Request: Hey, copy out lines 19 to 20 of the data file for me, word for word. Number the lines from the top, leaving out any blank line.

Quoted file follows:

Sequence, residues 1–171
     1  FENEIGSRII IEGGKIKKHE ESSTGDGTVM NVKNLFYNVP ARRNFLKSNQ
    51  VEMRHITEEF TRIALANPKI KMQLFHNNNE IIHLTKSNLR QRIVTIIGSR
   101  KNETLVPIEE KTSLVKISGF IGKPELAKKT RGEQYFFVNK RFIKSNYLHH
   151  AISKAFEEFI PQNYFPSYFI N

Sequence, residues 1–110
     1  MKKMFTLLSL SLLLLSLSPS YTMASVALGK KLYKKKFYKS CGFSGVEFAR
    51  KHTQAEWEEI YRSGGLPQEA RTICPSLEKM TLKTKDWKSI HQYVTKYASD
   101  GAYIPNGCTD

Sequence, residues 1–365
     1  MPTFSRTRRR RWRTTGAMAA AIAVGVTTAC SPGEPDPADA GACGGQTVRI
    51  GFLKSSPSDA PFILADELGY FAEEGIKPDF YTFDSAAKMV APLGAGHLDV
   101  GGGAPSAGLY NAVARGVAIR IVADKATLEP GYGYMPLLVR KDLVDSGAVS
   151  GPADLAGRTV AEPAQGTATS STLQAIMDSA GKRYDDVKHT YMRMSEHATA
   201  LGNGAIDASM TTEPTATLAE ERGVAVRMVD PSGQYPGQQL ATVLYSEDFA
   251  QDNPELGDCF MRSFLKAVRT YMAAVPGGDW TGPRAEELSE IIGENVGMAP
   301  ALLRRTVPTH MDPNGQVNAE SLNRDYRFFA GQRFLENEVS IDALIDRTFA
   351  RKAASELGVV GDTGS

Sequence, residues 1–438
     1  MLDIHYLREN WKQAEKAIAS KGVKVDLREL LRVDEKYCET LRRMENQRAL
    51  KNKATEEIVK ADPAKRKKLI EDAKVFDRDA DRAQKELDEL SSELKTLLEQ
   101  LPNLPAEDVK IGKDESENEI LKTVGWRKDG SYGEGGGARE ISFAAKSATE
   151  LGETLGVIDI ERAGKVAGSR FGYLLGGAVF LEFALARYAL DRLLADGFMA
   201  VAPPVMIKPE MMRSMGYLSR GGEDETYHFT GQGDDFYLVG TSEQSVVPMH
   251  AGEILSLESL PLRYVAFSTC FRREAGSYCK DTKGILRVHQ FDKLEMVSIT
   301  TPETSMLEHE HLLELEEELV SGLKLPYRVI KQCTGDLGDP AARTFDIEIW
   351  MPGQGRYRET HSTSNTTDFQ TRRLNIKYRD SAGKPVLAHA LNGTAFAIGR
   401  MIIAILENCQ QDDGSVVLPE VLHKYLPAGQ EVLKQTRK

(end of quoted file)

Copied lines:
Sequence, residues 1–438
     1  MLDIHYLREN WKQAEKAIAS KGVKVDLREL LRVDEKYCET LRRMENQRAL